The advisory team started to meet in July of 2020 to develop the course curriculum. The advisory team included individuals from ME, NY, MA, and VT. The course curriculum as mentioned above includes 13 modules that involve a "live" webinar held over a course of four months. The series began November 3, 2020. Each webinar hosts a different expert practitioner/researcher presenting on a topic related to industrial hemp. Topics include: business planning & economics, general hemp agronomics, integrated pest management, all things organic, hemp propagation & seeding production, modern hemp policy, resinous hemp production, grain hemp production, fiber hemp production, processing resinous hemp, processing hemp for grain, processing hemp for fiber, and a hemp panel. Each webinar ends with a question and answer period, giving service providers the ability to ask questions and facilitate discussion with advisors and guest speakers.

The online course includes the recorded archived webinars, educational videos, factsheets, URLs to informational hemp websites, mini-quizzes, forums, research reports, and other reference materials to provide service providers with additional research-based and practical information. Through participating in the webinars and completing the quizzes, participants can earn up to 13 Certified Crop Advisor (CCA) continuing education credits. The performance targets and expectations have been clearly shared during "live" webinars and within the course materials.

The advisory group began planning for the in-field intensive portion (set for the 2021 growing season), however, this portion may need to be modified to follow the U.S. Center for Disease Control/State COVID-19 guidelines/restrictions. This portion of the program is designed to focus on hands-on learning activities which allow service providers to learn practical tools to utilize with farmers. The in-person series plans to visit four farms and one processing facility. Participants were eligible to earn CCA credits for each in-field intensive training they attend but are only required to attend one. Participants also gain access to the 2021, 2022 and 2023 Industrial Hemp Conference hosted by UVM Extension. The UVM Extension hemp conference was virtual in 2021 and held on February 26th.

2021 Report

The advisory group met on March 17, 2021 to determine framework and topics for the in-field intensive portion. Due to the pandemic the meetings were scheduled for in-person and also online participation.  In-person events were hosted in Maine, Vermont, and New York with supplemental virtual offerings throughout the season. The webinar topics and intensive offerings were put together based on feedback from the PDP participants.  In-person events were also open to farmers.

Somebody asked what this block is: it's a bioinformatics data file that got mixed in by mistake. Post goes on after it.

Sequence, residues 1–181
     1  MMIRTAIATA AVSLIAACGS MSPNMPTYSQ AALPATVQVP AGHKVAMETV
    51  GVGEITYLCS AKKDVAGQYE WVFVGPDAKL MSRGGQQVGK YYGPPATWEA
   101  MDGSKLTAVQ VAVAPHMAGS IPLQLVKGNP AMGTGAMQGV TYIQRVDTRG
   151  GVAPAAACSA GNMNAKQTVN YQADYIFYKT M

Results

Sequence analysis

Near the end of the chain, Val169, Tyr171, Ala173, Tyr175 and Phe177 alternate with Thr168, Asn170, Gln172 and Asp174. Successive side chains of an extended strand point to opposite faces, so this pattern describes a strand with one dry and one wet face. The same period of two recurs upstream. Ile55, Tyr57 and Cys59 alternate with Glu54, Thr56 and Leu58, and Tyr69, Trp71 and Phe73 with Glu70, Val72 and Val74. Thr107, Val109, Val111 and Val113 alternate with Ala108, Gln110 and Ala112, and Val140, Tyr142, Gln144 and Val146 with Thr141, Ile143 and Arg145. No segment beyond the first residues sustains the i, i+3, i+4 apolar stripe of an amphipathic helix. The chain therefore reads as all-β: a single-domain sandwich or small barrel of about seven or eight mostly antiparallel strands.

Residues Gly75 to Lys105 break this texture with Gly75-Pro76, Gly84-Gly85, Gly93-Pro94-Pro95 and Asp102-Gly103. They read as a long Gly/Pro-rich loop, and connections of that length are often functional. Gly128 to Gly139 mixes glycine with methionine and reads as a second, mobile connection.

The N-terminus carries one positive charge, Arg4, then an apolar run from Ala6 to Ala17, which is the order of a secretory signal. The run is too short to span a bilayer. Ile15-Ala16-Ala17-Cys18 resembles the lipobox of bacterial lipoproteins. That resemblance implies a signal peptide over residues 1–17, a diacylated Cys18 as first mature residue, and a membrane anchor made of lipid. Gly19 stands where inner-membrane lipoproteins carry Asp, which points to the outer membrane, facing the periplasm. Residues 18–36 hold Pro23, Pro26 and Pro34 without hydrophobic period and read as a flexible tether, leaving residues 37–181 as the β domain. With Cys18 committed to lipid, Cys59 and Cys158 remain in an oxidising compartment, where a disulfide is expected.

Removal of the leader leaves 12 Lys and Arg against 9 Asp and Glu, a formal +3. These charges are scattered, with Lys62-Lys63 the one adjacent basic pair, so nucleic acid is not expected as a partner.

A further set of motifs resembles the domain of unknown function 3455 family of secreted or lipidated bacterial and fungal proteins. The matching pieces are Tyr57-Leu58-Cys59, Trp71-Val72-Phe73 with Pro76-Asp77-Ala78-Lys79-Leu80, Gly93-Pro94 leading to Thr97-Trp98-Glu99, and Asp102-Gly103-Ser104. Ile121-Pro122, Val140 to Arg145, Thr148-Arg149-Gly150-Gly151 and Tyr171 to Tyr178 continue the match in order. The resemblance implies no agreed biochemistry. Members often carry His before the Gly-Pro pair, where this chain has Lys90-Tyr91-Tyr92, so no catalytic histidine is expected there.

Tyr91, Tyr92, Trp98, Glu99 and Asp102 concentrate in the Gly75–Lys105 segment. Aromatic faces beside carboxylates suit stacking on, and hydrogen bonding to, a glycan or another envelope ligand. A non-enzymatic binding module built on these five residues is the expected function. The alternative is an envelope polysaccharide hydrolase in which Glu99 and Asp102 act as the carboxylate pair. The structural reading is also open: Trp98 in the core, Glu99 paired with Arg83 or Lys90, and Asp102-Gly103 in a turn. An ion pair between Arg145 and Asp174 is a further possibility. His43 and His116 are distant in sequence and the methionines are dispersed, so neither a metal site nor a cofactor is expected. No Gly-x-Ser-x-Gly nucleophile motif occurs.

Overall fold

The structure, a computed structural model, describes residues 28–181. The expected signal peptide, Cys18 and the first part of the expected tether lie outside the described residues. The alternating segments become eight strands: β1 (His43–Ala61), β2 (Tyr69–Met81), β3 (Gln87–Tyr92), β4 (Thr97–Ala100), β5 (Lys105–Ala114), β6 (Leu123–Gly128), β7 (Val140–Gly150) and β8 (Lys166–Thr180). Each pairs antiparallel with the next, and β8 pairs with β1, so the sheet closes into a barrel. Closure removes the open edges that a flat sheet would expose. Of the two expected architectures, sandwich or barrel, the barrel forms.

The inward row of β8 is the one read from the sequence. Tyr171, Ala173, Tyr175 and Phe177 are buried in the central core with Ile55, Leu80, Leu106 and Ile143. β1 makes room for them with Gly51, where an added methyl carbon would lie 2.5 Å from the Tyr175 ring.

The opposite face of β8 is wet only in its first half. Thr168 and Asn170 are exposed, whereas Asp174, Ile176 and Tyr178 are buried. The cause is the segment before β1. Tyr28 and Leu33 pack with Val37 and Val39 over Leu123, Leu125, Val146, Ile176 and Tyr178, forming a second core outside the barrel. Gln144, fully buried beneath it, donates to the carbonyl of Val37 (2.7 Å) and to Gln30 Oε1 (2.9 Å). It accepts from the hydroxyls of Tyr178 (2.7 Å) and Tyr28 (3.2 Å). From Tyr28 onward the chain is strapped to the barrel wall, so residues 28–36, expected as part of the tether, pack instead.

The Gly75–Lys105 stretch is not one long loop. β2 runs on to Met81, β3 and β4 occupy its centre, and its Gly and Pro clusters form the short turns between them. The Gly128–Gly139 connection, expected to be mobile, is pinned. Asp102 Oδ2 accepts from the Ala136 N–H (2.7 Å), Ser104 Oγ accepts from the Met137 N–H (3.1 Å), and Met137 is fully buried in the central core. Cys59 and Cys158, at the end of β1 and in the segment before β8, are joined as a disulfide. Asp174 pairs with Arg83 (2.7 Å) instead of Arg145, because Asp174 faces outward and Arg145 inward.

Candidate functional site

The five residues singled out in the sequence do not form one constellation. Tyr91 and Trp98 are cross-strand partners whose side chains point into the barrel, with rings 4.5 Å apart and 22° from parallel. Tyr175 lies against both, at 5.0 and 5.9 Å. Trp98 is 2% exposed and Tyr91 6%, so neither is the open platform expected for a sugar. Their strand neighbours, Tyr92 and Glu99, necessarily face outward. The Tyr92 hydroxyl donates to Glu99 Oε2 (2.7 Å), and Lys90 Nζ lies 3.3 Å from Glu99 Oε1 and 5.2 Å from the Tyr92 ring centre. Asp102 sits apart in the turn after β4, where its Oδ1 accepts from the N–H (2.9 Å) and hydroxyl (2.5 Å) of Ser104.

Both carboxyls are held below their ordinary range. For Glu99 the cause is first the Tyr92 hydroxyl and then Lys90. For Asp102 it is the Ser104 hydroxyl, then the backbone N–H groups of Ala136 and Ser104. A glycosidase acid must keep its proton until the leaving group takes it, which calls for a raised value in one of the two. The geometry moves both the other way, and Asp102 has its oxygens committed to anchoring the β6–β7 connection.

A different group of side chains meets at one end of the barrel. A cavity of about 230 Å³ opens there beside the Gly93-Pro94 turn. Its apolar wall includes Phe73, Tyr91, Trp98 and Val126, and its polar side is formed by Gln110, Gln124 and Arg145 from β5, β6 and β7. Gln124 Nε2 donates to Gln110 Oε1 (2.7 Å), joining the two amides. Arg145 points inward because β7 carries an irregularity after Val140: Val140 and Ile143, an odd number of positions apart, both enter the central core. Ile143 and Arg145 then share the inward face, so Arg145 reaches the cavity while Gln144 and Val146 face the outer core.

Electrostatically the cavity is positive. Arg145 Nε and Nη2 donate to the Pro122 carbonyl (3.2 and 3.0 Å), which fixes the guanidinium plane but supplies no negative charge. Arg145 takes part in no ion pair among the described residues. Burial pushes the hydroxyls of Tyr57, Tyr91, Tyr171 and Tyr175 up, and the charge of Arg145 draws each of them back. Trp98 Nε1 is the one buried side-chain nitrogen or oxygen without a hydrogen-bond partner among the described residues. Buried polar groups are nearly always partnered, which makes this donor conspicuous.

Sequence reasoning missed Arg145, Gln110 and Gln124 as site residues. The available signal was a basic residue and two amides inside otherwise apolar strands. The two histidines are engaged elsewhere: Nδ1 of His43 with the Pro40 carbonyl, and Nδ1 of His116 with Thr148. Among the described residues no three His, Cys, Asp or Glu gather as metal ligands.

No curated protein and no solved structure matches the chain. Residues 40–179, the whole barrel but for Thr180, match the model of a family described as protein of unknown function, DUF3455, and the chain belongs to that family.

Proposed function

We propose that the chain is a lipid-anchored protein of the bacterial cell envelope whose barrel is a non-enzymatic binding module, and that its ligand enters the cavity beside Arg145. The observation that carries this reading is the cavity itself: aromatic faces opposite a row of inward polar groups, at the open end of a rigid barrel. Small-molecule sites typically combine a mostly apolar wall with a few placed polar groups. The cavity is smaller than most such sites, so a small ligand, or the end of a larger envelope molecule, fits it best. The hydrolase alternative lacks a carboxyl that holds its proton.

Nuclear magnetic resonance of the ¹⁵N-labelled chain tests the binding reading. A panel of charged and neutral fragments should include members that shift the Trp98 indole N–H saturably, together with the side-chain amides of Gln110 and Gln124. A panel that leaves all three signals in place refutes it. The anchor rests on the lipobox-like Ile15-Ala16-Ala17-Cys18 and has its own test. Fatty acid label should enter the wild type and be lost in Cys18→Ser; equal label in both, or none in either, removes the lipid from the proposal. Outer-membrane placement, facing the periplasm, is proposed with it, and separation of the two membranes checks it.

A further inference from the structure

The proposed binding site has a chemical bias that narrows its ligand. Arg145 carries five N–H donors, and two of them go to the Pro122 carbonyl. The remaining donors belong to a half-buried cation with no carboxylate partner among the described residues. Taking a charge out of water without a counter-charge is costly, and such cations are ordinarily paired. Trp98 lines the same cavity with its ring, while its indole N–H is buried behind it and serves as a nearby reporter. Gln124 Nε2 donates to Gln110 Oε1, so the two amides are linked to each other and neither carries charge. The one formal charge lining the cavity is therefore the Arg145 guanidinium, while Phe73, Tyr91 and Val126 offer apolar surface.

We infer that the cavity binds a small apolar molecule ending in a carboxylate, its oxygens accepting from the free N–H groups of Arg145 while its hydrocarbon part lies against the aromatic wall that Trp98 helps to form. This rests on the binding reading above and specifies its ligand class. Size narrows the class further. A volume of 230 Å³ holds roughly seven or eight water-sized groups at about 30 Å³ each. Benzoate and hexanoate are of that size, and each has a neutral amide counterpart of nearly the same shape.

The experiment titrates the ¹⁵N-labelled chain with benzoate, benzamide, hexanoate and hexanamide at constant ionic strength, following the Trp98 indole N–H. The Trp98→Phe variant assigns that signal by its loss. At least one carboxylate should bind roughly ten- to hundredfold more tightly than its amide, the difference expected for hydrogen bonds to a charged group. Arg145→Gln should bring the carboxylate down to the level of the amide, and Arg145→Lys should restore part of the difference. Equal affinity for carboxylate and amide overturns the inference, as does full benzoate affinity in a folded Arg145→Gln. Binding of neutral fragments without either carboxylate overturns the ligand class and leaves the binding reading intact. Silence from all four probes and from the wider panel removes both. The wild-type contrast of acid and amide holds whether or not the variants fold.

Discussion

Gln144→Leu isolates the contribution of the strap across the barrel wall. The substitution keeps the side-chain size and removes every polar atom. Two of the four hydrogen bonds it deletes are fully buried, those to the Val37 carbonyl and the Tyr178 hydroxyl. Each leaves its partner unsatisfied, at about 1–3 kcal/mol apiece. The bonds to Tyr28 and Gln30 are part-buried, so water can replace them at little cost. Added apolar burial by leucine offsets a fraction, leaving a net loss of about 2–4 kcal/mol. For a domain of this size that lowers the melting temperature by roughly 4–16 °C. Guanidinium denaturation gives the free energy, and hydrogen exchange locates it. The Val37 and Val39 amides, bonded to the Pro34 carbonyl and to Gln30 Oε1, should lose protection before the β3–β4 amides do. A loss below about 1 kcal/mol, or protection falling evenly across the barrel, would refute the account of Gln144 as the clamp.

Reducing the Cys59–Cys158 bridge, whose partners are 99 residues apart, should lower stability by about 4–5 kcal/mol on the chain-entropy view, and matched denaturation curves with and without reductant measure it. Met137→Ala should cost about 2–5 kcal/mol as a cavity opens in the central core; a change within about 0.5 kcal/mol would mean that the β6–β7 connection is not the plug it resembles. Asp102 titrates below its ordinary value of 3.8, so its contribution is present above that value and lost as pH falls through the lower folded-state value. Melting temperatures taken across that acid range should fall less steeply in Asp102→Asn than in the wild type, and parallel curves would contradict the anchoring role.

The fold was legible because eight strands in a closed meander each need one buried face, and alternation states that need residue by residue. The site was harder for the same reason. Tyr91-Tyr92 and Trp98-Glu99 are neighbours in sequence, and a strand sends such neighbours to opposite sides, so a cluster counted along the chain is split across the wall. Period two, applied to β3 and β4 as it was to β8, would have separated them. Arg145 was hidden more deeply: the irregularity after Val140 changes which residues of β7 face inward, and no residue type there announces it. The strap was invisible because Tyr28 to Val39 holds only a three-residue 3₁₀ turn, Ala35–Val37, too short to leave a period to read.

In person events were as follows:

  1. July 8, 2021—University of Maine Rogers Farm, Old Town, MaineJohn Jemison, University of Maine Cooperative Extension Professor of Soil and Water Quality, hosted an in-person field day. 12 growers, 3 DACF personnel, 5 TSPs, 5 Extension, and 3 educators (a total of 28) attendees came. Demonstration of the roller crimper to lay down a winter rye cover crop, see results of that compared to sickle bar mowed rye, powered cultivation and traditional black plastic for weed management. Demonstration of cultivation tools with Eric Gallandt’s team. Discuss crop rotation, disease reduction, and common insect pests. The hemp team (Mary Yurlina and Gary Fish) at the Department of Agriculture will discuss the latest legislation, and the future of Maine’s licensing program.
  2. July 23, 2021—SUNY Morrisville, New YorkJennifer Gilbert Jenkins, SUNY Morrisville Division of Animal & Plant Sciences & Agricultural Business Assistant Professor, hosted an in-person field day looking at a fiber variety trial as well as hemp for extracts, focusing on in-season management decisions and variety comparisons in both the fiber hemp as well as extract hemp fields. NOFA-NY covered organic certification requirements. There were 4 attendees who were local folks interested in learning about the crop and 1 grower.  We started at our CBD field and talked about how the growing season was going and what in-season decision making changes were made to account for the excessively wet season.  We then travelled to our fiber crop field and discussed how the growing season impacted the 5 varieties that we were growing.  While it was a positive experience and folks were happy, it was a small hemp meeting. We believe that was due to a very wet summer and 2 beautiful sunny days around the event, keeping everyone out in the fields.
  3. August 10, 2021—Borderview Research Farm, Alburgh, VermontHeather Darby, University of Vermont Extension Professor: Agronomy Specialist, and the Northwest Crops and Soils team hosted an in-person field day. There were 65 attendees. We toured the research farm visiting many CBD, fiber, and grain trails while hearing about the most up-to-date research happening in Vermont. Trials included: variety, fertility, pest & disease scouting, harvest date, and more. We then went into the barn for hands-on demonstrations of the oil press, spinning fiber hemp for yarn with Laura Sullivan of UVM, and paper making with Steve Kostell of UVM.